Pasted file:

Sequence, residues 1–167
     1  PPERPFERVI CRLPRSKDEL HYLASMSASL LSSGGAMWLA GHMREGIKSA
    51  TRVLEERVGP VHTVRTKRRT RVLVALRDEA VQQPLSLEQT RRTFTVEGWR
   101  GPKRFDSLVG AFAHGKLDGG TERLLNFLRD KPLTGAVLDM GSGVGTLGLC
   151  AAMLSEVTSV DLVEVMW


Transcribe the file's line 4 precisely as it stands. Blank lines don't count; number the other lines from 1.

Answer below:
   101  GPKRFDSLVG AFAHGKLDGG TERLLNFLRD KPLTGAVLDM GSGVGTLGLC